Discover how to analyze the formal aspects of a work of art by learning about the elements of art and principles of design that are used by artists working in various media.

Students who can identify the elements and principles and evaluate their role in the composition of a work of art will be better able to understand an artist's choices. They will be equipped to address whether a work of art is successful, and why.

Below are a few examples of principles of design, which are illustrated in works of art in the Museum's collection. Learn about the elements of art here.

Principles of Design

The principles of design describe the ways that artists use the elements of art in a work of art.

Download a student handout containing a list of the principles of design and their definitions. (PDF, 190KB)

Balance


Balance is the distribution of the visual weight of objects, colors, textures, and space. If the design was a scale, these elements should be balanced to make a design feel stable.

Madonna and Saints / Daddi
 
Symmetrical balance conveys a sense of stability. In this example, a single large figure in the center is flanked by a smaller figure on either side. The shape of the artwork itself is also symmetrical—a vertical line bisecting the image would create two equal halves that are mirror images of one another.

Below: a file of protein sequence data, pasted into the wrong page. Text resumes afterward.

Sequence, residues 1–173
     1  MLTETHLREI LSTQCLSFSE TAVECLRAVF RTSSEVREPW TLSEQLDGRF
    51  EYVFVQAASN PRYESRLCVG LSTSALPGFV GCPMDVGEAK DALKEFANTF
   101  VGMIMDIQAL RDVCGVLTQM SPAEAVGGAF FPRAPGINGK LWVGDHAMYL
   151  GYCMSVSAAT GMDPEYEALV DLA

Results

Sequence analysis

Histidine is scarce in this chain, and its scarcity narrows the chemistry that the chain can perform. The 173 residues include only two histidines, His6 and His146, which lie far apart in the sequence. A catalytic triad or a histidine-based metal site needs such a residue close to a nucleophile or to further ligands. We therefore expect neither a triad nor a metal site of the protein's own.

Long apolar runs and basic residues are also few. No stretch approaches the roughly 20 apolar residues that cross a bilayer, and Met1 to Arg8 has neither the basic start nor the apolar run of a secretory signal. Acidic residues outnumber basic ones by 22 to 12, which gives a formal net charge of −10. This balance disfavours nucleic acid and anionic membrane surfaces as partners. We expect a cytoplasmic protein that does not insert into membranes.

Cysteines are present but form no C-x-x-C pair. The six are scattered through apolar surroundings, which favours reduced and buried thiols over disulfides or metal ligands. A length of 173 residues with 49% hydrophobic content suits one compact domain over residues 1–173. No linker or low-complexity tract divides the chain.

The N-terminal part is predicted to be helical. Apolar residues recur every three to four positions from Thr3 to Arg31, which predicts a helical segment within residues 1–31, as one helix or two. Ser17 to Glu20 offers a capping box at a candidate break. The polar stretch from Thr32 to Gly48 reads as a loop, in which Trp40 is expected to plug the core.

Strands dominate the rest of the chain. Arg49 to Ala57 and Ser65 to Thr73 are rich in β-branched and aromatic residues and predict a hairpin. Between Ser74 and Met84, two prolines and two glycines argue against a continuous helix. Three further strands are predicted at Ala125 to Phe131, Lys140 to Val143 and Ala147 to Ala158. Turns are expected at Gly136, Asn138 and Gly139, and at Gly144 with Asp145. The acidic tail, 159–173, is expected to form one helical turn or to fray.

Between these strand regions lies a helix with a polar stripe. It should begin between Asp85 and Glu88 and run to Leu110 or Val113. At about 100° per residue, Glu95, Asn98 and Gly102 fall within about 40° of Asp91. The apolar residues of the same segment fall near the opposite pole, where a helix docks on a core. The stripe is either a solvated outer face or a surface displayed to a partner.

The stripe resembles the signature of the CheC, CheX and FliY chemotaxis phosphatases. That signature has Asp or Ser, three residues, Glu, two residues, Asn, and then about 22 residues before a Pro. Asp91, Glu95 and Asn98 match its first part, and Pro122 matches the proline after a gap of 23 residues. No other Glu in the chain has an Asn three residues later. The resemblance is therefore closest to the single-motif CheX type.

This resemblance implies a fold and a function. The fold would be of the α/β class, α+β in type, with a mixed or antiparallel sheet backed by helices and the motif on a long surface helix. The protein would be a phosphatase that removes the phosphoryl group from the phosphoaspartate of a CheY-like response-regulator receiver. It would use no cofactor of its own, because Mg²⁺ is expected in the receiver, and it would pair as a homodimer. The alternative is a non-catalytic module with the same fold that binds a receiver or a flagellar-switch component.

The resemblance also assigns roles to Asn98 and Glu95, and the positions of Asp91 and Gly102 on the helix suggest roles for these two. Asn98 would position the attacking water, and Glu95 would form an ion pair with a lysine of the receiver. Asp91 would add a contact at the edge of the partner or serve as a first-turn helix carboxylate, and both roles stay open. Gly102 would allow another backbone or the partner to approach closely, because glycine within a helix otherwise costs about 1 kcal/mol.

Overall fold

Wall Clock / Fiéffé
 
Asymmetrical balance often conveys a sense of movement since the elements of the composition are unbalanced. In this example, the artist used organic forms to create a composition that mimics the movement of vines growing in an unordered fashion around the clock face.

 

 

 

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Emphasis


Emphasis is the part of the design that catches the viewer's attention. Usually the artist will make one area stand out by contrasting it with other areas. The area could be different in size, color, texture, shape, etc.

Laocoön / Foggini
 
In this sculpture, the central figure stands out due to his relative size and position above the other figures. The diagonal lines of the contorting bodies and the serpent lead the viewer's eye to the figure, further emphasizing him and conveying the intensity of his struggle against the snake's stranglehold.

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Movement


Movement is the path the viewer's eye takes through the work of art, often to focal areas. Such movement can be directed along lines, edges, shape, and color within the work of art.

Fifth Avenue / Holmes
 
In this photograph the diagonal lines lead the eye into the space to the point where the lines converge.

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